Madison County, North Carolina

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Madison County, North Carolina
Seal of Madison County, North Carolina
Map of North Carolina highlighting Madison County
Location in the U.S. state of North Carolina
Map of the United States highlighting North Carolina
North Carolina's location in the U.S.
Founded 1851
Named for James Madison
Seat Marshall
Largest town Mars Hill
 • Total 451 sq mi (1,168 km2)
 • Land 450 sq mi (1,165 km2)
 • Water 1.9 sq mi (5 km2), 0.4%
 • (2010) 20,764
 • Density 46/sq mi (18/km²)
Congressional district 11th
Time zone Eastern: UTC-5/-4
Advertisement for Warm Springs Hotel, Madison County, ca. 1880

Madison County is a county located in the U.S. state of North Carolina. As of the 2010 census, the population was 20,764. [1] Its county seat is Marshall.[2] The county was formed in 1851 from parts of Buncombe County and Yancey County. It was named for James Madison, fourth President of the United States (1809–1817).[3]

Madison County is part of the Asheville, NC Metropolitan Statistical Area.


According to the U.S. Census Bureau, the county has a total area of 451 square miles (1,170 km2), of which 450 square miles (1,200 km2) is land and 1.9 square miles (4.9 km2) (0.4%) is water.[4]

Madison County is located deep in the Appalachian Mountains of western North Carolina, and much of the county's terrain is rugged, heavily forested, and sparsely populated. The county's northern border is with the State of Tennessee. Madison County's largest river is the French Broad River, which flows north-northwest through the county, first past the county seat of Marshall, then past the resort town of Hot Springs\

Adjacent counties

National protected area

Major highways


Historical population
Census Pop.
1860 5,908
1870 8,192 38.7%
1880 12,810 56.4%
1890 17,805 39.0%
1900 20,644 15.9%
1910 20,132 −2.5%
1920 20,083 −0.2%
1930 20,306 1.1%
1940 22,522 10.9%
1950 20,522 −8.9%
1960 17,217 −16.1%
1970 16,003 −7.1%
1980 16,827 5.1%
1990 16,953 0.7%
2000 19,635 15.8%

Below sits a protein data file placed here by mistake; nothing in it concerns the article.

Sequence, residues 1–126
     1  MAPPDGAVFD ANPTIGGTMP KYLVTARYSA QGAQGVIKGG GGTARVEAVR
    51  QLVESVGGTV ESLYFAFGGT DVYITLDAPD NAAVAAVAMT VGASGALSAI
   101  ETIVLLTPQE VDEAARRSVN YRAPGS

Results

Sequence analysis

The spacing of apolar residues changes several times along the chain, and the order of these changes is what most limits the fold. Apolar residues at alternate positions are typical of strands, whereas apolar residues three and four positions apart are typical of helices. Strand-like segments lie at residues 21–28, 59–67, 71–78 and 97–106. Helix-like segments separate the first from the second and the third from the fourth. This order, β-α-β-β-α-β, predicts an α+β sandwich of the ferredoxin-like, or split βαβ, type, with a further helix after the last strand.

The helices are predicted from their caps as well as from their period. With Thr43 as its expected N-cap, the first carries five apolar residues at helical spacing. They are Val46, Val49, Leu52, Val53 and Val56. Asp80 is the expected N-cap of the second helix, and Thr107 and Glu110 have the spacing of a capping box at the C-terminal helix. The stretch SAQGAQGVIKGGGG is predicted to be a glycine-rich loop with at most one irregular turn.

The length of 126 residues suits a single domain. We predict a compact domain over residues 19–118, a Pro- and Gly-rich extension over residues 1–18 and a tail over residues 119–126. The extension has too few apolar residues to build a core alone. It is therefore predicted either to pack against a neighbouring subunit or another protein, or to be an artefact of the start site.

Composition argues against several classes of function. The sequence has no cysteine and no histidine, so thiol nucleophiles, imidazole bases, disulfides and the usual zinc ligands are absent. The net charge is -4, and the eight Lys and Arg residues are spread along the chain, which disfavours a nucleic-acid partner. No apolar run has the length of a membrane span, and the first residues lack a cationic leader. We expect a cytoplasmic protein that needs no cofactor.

2010 20,764 5.7%
Est. 2014 21,157 [5] 1.9%
U.S. Decennial Census[6]
1790-1960[7] 1900-1990[8]
1990-2000[9] 2010-2013[1]

As of the census[10] of 2000, there were 19,635 people, 8,000 households, and 5,592 families residing in the county. The population density was 44 people per square mile (17/km²). There were 9,722 housing units at an average density of 22 per square mile (8/km²). The racial makeup of the county was 97.63% White, 0.83% Black or African American, 0.27% Native American, 0.23% Asian, 0.01% Pacific Islander, 0.45% from other races, and 0.59% from two or more races. 1.35% of the population were Hispanic or Latino of any race.

There were 8,000 households out of which 28.40% had children under the age of 18 living with them, 57.50% were married couples living together, 8.90% had a female householder with no husband present, and 30.10% were non-families. 26.30% of all households were made up of individuals and 11.80% had someone living alone who was 65 years of age or older. The average household size was 2.34 and the average family size was 2.81.

In the county the population was spread out with 21.20% under the age of 18, 10.30% from 18 to 24, 26.50% from 25 to 44, 26.00% from 45 to 64, and 15.90% who were 65 years of age or older. The median age was 39 years. For every 100 females there were 97.30 males. For every 100 females age 18 and over, there were 93.30 males.

The median income for a household in the county was $30,985, and the median income for a family was $37,383. Males had a median income of $27,950 versus $22,678 for females. The per capita income for the county was $16,076. About 10.90% of families and 15.40% of the population were below the poverty line, including 17.60% of those under age 18 and 19.20% of those age 65 or over.

Law and government